Study: Teeth-whitening products can damage tooth
While teeth-whitening products may guarantee a bright smile, according to recent findings these products are capable of harming protein-rich tooth layers. In three new studies, researchers found that hydrogen peroxide, the active ingredient in over-the-counter whitening strips, can damage the protein-rich dentin tissue found beneath the tooth's protective enamel.
The tooth is made of three layers: the outer tooth enamel, an underlying dentin layer and connective tissue that binds the roots to the gum. Most studies of whitening strips have focused on tooth enamel, which contains very little protein. Kennan's research team focuses on dentin, which makes up most of the tooth and has high levels of protein, most of which is collagen.
It is well established that hydrogen peroxide can penetrate the enamel and dentin. Previous work by the researchers showed that collagen in the dentin layer decreased when teeth were treated with whitening strips.
"We sought to further characterize what the hydrogen peroxide was doing to collagen. We used entire teeth for the studies and focused on the impact hydrogen peroxide has on the proteins," said Kelly Keenan, lead author of the study.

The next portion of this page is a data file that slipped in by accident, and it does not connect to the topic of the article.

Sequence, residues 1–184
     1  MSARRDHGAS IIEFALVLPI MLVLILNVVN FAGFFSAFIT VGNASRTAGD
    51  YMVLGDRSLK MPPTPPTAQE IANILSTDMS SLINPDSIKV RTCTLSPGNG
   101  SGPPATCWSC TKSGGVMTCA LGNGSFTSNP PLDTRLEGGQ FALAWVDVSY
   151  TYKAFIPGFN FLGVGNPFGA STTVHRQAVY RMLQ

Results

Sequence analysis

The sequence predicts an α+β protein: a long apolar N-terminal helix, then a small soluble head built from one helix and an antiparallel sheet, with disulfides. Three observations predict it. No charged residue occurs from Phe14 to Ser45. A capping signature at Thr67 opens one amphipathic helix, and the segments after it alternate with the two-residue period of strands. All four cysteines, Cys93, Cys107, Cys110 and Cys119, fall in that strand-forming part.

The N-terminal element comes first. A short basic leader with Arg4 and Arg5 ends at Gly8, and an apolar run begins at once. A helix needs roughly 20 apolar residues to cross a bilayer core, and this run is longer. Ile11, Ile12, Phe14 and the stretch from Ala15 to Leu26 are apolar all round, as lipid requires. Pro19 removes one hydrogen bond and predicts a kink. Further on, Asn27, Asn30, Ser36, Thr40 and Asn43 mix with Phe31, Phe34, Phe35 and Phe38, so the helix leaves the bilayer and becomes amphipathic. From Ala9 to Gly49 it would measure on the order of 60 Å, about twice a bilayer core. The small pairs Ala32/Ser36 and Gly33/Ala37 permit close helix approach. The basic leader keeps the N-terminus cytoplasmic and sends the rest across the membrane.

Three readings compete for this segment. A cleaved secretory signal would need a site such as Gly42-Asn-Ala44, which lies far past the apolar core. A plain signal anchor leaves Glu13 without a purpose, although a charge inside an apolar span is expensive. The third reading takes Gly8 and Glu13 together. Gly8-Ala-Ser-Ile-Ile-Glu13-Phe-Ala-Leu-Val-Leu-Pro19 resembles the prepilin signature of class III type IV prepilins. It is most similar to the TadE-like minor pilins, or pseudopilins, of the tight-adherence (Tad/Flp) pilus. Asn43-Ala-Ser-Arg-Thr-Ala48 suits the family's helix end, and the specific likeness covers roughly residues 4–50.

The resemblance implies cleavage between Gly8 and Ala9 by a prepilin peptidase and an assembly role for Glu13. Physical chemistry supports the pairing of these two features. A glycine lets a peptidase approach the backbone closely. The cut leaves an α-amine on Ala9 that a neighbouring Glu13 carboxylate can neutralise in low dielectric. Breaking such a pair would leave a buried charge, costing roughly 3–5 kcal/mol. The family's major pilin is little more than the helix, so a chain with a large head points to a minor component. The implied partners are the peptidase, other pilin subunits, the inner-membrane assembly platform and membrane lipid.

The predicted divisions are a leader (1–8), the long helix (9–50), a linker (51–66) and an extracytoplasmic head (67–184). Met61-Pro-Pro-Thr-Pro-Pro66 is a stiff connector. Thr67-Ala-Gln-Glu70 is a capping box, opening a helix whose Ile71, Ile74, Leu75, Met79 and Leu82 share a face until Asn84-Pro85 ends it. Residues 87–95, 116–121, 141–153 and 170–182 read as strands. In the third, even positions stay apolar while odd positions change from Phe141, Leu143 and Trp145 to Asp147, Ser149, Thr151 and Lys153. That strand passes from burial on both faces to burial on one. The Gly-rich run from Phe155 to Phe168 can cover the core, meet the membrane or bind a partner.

As part of the study, the researchers demonstrated that the major protein in the dentin is converted to smaller fragments when treated with hydrogen peroxide.
In additional experiments, they treated pure collagen with hydrogen peroxide and then analyzed the protein using a gel electrophoresis laboratory technique that allows the protein to be visualized.
"Our results showed that treatment with hydrogen peroxide concentrations similar to those found in whitening strips is enough to make the original collagen protein disappear, which is presumably due to the formation of many smaller fragments," said Keenan.